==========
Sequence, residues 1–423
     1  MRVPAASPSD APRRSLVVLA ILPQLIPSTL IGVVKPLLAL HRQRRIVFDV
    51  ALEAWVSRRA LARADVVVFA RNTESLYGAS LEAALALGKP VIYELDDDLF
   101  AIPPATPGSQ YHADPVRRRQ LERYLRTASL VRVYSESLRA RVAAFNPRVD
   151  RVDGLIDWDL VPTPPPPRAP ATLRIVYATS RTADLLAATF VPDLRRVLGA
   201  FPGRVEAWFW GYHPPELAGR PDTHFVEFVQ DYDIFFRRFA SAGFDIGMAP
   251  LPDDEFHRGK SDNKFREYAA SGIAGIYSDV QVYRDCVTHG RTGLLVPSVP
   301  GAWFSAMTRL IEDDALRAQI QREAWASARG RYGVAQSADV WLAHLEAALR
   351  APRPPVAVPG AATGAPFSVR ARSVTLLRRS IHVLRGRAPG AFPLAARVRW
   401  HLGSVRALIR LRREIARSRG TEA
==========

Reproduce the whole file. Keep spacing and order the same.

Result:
Sequence, residues 1–423
     1  MRVPAASPSD APRRSLVVLA ILPQLIPSTL IGVVKPLLAL HRQRRIVFDV
    51  ALEAWVSRRA LARADVVVFA RNTESLYGAS LEAALALGKP VIYELDDDLF
   101  AIPPATPGSQ YHADPVRRRQ LERYLRTASL VRVYSESLRA RVAAFNPRVD
   151  RVDGLIDWDL VPTPPPPRAP ATLRIVYATS RTADLLAATF VPDLRRVLGA
   201  FPGRVEAWFW GYHPPELAGR PDTHFVEFVQ DYDIFFRRFA SAGFDIGMAP
   251  LPDDEFHRGK SDNKFREYAA SGIAGIYSDV QVYRDCVTHG RTGLLVPSVP
   301  GAWFSAMTRL IEDDALRAQI QREAWASARG RYGVAQSADV WLAHLEAALR
   351  APRPPVAVPG AATGAPFSVR ARSVTLLRRS IHVLRGRAPG AFPLAARVRW
   401  HLGSVRALIR LRREIARSRG TEA